Community Mobilization for Better Health in Rural Oklahoma
The quality improvement (QI) project in Okfuskee County started as a means to prepare for Public Health Accreditation by completing a Community Health Assessment (CHA), working toward a Strategic Plan and learning the basic tools and techniques of QI. The Core QI Team chose the Mobilizing for Action Through Planning and Partnerships (MAPP) Framework in order to complete the community health assessment. As this assessment process continued, it became clear that one of the main goals of the project would be to mobilize the community around health improvement planning and engage stakeholders in identifying, prioritizing, and working together to solve the health issues of the community.
Community Engagement proved to be one of the strongest aspects of the QI project, and the number of people from diverse sectors of the community and areas of the county who were willing to be involved made the process very rich and meaningful. The goal set by the QI team was to engage at least 10 community partners from diverse sectors of the community. This goal was far surpassed by engaging 37 community partners from various sectors and multiple towns throughout the county. Although it is not part of the original AIM, the increase of sector representation at meetings is also significant, because this was increased from 4 to 13.
Diverse representation from sectors (businesses, tribal partners, elected officials, law enforcement, health care, social services, faith-based partners, parents/grandparents, education) and good representation from the communities located throughout Okfuskee County ensured that many different perspectives were considered and that a balanced approach was taken in attempting to address the needs of the county and communities and that everyone had ownership in the creation of the Community Health Improvement Plan (CHIP).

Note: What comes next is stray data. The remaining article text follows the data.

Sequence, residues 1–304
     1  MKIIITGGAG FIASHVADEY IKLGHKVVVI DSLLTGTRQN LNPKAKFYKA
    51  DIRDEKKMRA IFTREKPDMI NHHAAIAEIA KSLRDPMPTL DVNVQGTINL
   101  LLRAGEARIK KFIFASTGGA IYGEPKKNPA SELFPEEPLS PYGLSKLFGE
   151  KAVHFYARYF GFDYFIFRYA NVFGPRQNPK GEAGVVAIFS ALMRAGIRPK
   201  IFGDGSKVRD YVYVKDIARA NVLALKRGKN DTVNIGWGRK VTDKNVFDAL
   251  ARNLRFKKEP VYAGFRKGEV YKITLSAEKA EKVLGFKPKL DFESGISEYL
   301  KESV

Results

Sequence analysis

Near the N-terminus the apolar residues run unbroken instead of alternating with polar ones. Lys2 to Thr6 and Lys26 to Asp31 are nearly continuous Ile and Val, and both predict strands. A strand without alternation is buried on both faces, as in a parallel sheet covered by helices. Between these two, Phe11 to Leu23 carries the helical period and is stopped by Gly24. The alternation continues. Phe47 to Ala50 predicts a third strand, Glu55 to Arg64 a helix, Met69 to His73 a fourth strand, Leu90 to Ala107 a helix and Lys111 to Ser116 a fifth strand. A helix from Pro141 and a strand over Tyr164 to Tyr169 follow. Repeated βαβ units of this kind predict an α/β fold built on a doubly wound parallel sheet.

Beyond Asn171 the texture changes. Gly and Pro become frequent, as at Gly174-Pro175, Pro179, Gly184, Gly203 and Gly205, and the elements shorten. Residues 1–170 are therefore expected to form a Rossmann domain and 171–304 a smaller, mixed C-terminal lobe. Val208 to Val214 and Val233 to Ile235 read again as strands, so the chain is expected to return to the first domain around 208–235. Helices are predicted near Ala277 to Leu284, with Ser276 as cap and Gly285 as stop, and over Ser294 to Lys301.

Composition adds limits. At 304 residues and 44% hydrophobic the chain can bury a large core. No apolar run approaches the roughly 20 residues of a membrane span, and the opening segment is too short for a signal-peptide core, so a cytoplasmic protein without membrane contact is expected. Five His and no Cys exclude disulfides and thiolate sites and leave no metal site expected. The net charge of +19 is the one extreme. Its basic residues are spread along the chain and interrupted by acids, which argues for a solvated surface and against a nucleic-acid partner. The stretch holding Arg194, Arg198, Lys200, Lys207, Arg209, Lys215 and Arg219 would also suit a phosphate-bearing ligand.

The process of coming together to assess strategically the community’s health has impacted other areas in the community and within the health department. Health department staff now have a much better understanding of the community they serve: the demographics, health conditions, social issues, and how all of these impact the work we do as a local health department. The assessment process has strengthened partnerships throughout the county and helped to create new partnerships. Health department staff are called on as experts for sources of health data when other groups are completing grant proposals. When community assessments are being conducted by other groups within the county, the health department is asked to participate and contribute to the conversation, thus making health a topic that is interwoven throughout programs and policy. Health department staff are now more visible and seen as a force of change within the community.
Johnson, T. Public Health Quality Improvement Exchange. Community Mobilization for Better Health in Rural Oklahoma. Thu, 12/06/2012 - 15:15. Available at http://phqix.org/content/community-mobilization-better-health-rural-oklahoma. Accessed July 6, 2020.